Prices are falling, right? Wrong! In April, they rose 0.8%. But with World Cup booze deals looming, inflation shouldn’t stick around for long. Ronan Hegarty reports

After months of price deflation in the food and drink sector, inflation crept back in April. Prices on our new basket of 1,000 items rose 0.8% for the four weeks to 27 April, compared with a 0.7% fall in March and 0.6% fall in February. Overall prices rose at three of the big four in April, with only Asda, which announced its new Price Guarantee this week, lowering its prices.

Our list of products, which covers all major grocery categories, was 2.5% cheaper at Asda this month, but 1.3% more expensive at Tesco, 1.1% more at Sainsbury's and 2.9% more at Morrisons.

The price increases were largely driven by the alcohol and fresh produce categories. Booze prices across the big four were up 2.8% with fruit and veg up 2.6%. Drinks suppliers said prices had been increased in the past few months in order to fund deals for the World Cup.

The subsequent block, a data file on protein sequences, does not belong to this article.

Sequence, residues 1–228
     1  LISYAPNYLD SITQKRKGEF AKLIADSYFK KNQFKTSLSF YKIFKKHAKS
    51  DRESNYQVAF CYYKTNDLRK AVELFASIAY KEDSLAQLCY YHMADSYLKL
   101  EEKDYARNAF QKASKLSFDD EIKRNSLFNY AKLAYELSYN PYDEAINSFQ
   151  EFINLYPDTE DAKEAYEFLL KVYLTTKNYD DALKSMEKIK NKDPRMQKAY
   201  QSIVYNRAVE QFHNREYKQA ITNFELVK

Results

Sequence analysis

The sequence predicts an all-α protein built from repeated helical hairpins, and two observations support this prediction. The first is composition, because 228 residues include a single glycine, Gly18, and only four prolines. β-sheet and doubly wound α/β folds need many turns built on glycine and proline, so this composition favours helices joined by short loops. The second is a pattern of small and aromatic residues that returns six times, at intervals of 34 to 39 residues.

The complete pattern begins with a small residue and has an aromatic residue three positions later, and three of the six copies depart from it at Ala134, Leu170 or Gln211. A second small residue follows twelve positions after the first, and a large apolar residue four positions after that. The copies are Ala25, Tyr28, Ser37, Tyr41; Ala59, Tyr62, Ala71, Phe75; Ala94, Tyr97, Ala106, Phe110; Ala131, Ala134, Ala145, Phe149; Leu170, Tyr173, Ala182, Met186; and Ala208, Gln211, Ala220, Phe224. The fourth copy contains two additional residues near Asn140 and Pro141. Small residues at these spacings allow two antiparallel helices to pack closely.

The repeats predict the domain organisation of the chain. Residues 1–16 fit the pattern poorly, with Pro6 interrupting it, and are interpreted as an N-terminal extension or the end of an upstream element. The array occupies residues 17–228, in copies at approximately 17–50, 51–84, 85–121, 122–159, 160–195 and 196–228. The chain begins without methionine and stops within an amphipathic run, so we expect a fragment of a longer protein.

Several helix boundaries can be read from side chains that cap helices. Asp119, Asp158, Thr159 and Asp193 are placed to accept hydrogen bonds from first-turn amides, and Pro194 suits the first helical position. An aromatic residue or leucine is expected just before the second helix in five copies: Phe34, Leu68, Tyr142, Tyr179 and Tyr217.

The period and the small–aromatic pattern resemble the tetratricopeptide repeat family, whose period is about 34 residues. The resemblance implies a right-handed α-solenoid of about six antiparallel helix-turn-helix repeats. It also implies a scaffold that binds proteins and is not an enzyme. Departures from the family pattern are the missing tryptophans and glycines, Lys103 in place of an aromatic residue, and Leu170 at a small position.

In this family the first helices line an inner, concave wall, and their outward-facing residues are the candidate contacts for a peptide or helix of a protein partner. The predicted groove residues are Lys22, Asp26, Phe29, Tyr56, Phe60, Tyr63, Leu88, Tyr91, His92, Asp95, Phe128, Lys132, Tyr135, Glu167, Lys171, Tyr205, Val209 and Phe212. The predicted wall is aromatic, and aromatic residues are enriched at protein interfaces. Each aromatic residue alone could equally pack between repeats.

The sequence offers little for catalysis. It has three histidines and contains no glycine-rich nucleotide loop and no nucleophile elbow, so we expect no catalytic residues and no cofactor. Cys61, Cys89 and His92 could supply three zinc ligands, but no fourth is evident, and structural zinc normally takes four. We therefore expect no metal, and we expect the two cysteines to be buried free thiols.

With the tournament kicking off next month, most suppliers are predicting this will be the last inflation in the category for some time. Indeed, there is already some deep discounting on beers. As The Grocer went to press Asda was offering a range of major lager brands in 20 and 24-packs for as little as £9, and Tesco was running £10 deals.

"The price increase is down to the knock-on impact of the duty increases of five weeks ago," said the sales director of a major lager brand. "But with the World Cup approaching and promotions set to be more prevalent, average prices should dip in the coming weeks."

Price rises in the fruit and veg aisle were largely due to inconsistency in supply during the transition from international growing seasons to domestic ones.

Celery experienced the largest hike in prices, up 15.4% on last month. One supplier explained that cold and wet weather in Spain since the turn of the year had devastated much of the crop, leading to higher prices this year. Prices are likely to remain high until June when the British harvest begins.

The price of salad has also been rising, with rocket up 6.4% and romaine 4%. Spring onions were 1.5% higher than in March, with much of the increase due to rising labour costs rather than seasonal factors.

Not everything was rising in price. Bakery, frozen, health & beauty, dairy and deli products were all down.